Page Title

Scout for Bean Leaf Beetles in Soybeans (08/05/21)

Body

Increasing numbers of bean leaf beetles (BLB) have been observed recently in southeastern ND, especially south and west of Wahpeton. Adults are yellow-green to reddish-brown and have four black spots (or no spots) with a black border on wing covers. The black triangle at the top of wing covers is always visible and used to identify this beetle.

 

The new generation of BLB adults are emerging (August) and feeding on foliage and pods. Feeding injury to leaves appears as small round holes between the leaf veins. Injury to pods appears as lesions similar in size and shape to leaf-feeding holes. This late season BLB feeding on the foliage and pods is more important than early season feeding of the overwintering adults. Late feeding may increase the risk of pod clipping, virus transmissions and secondary infections (rotting and discoloration) from fungi and bacteria. Although bean leaf beetle can vector viruses like bean pod mottled virus (BPMV), this had not yet been recorded in ND.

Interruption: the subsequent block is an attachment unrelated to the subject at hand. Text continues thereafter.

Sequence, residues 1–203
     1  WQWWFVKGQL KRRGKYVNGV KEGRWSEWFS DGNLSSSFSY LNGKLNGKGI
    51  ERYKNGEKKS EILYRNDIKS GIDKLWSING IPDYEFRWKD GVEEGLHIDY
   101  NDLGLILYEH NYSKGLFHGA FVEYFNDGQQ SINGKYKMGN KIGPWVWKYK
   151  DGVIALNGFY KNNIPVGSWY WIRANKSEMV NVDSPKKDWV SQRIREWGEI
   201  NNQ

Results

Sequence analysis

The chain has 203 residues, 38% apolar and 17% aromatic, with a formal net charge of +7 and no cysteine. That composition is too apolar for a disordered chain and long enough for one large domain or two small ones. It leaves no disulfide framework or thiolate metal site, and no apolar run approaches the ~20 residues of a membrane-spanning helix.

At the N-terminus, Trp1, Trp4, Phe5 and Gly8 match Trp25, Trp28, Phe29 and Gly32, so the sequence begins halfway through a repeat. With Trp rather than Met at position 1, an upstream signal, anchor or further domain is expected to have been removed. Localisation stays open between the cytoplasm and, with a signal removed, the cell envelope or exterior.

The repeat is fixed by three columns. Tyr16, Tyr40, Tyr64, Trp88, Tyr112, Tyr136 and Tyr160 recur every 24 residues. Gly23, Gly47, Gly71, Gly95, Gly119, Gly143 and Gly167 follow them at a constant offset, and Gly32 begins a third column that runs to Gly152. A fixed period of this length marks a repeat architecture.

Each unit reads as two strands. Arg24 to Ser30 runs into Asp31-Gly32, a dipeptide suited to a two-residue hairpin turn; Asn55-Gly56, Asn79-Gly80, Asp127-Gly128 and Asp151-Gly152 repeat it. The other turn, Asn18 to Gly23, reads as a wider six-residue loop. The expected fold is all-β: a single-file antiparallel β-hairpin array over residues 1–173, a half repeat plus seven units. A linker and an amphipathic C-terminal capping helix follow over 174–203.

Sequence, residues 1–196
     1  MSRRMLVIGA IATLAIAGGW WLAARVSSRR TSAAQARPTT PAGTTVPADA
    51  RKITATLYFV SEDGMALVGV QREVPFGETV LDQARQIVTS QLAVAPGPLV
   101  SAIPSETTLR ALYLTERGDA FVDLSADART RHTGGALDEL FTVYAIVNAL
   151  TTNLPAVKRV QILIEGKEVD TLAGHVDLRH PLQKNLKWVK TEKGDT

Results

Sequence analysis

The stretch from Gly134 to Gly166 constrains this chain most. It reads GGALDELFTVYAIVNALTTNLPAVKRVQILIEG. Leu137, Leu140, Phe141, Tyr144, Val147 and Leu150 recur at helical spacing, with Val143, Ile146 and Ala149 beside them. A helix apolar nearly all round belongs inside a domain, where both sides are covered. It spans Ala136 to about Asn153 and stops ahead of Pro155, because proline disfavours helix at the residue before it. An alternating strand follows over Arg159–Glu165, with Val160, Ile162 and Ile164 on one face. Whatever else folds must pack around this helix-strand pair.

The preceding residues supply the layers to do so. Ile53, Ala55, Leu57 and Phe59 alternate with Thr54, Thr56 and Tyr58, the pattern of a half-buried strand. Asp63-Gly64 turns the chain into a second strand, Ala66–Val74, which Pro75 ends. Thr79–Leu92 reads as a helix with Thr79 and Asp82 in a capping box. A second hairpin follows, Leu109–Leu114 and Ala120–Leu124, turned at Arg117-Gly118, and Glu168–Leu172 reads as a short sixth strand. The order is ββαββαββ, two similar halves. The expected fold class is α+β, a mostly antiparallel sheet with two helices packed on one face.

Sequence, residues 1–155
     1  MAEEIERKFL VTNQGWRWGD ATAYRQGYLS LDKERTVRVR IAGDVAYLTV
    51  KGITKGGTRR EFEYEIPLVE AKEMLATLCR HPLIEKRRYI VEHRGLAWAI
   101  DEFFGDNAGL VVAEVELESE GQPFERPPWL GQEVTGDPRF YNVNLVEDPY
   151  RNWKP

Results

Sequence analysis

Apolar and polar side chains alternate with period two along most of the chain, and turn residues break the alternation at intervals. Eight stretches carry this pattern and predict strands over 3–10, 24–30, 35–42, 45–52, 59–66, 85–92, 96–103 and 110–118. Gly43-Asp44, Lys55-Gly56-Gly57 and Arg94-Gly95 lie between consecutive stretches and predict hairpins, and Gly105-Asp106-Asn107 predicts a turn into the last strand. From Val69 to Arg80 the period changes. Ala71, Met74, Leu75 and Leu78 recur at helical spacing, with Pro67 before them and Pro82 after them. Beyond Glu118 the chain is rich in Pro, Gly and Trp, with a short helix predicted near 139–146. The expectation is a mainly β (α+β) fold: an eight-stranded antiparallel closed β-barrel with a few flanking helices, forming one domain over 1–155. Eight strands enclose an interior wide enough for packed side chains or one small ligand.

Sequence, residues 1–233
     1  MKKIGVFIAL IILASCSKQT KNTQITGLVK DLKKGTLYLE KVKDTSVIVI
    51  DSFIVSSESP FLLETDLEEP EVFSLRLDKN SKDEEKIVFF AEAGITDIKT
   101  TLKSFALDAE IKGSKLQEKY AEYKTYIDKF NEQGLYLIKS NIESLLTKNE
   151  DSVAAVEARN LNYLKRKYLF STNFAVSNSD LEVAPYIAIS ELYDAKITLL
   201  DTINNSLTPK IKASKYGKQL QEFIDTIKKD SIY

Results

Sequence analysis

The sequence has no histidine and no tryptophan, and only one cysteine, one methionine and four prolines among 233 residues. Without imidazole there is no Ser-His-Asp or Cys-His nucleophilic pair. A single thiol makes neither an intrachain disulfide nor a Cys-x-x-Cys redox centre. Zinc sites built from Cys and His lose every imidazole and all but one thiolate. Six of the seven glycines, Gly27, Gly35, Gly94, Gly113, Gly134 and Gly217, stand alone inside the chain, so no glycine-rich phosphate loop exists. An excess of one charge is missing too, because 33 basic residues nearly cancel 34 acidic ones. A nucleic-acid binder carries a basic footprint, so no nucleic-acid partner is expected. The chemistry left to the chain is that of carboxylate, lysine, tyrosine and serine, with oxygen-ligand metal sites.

Bean leaf beetles are fast-moving so sweep nets are a good tool to detect beetles hiding in the soybean canopy. Treatment thresholds are based on either defoliation or number of beetles per plant.

photo of bean leaf beetle adult. percentage defoliation shown on drawn leaves. Economic Thresholds for Bean Leaf Beetle in Soybeans.png
Photo Credit:
T. Senger, former IPM scout

 

Janet J. Knodel

Extension Entomologist